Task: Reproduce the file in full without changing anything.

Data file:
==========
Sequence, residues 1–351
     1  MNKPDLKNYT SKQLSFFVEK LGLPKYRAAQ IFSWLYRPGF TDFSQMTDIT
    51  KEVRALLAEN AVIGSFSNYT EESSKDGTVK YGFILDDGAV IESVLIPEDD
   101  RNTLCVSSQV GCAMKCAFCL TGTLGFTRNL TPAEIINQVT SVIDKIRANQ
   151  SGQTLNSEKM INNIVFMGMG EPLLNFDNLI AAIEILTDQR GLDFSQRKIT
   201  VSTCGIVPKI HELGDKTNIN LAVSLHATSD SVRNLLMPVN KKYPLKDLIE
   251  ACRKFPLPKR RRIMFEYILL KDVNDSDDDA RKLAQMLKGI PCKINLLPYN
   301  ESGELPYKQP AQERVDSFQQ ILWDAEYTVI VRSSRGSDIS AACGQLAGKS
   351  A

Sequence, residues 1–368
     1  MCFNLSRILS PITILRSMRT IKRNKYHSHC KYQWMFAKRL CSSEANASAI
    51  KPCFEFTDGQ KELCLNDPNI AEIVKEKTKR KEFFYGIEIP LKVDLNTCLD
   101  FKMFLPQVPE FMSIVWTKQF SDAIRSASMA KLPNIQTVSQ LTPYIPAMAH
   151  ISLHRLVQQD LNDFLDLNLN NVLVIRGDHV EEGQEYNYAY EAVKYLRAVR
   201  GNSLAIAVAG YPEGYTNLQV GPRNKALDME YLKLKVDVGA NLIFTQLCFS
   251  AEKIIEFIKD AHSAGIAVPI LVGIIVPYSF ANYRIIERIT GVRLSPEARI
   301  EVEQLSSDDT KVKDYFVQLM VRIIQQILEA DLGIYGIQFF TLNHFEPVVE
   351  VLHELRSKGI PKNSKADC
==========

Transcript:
Sequence, residues 1–351
     1  MNKPDLKNYT SKQLSFFVEK LGLPKYRAAQ IFSWLYRPGF TDFSQMTDIT
    51  KEVRALLAEN AVIGSFSNYT EESSKDGTVK YGFILDDGAV IESVLIPEDD
   101  RNTLCVSSQV GCAMKCAFCL TGTLGFTRNL TPAEIINQVT SVIDKIRANQ
   151  SGQTLNSEKM INNIVFMGMG EPLLNFDNLI AAIEILTDQR GLDFSQRKIT
   201  VSTCGIVPKI HELGDKTNIN LAVSLHATSD SVRNLLMPVN KKYPLKDLIE
   251  ACRKFPLPKR RRIMFEYILL KDVNDSDDDA RKLAQMLKGI PCKINLLPYN
   301  ESGELPYKQP AQERVDSFQQ ILWDAEYTVI VRSSRGSDIS AACGQLAGKS
   351  A

Sequence, residues 1–368
     1  MCFNLSRILS PITILRSMRT IKRNKYHSHC KYQWMFAKRL CSSEANASAI
    51  KPCFEFTDGQ KELCLNDPNI AEIVKEKTKR KEFFYGIEIP LKVDLNTCLD
   101  FKMFLPQVPE FMSIVWTKQF SDAIRSASMA KLPNIQTVSQ LTPYIPAMAH
   151  ISLHRLVQQD LNDFLDLNLN NVLVIRGDHV EEGQEYNYAY EAVKYLRAVR
   201  GNSLAIAVAG YPEGYTNLQV GPRNKALDME YLKLKVDVGA NLIFTQLCFS
   251  AEKIIEFIKD AHSAGIAVPI LVGIIVPYSF ANYRIIERIT GVRLSPEARI
   301  EVEQLSSDDT KVKDYFVQLM VRIIQQILEA DLGIYGIQFF TLNHFEPVVE
   351  VLHELRSKGI PKNSKADC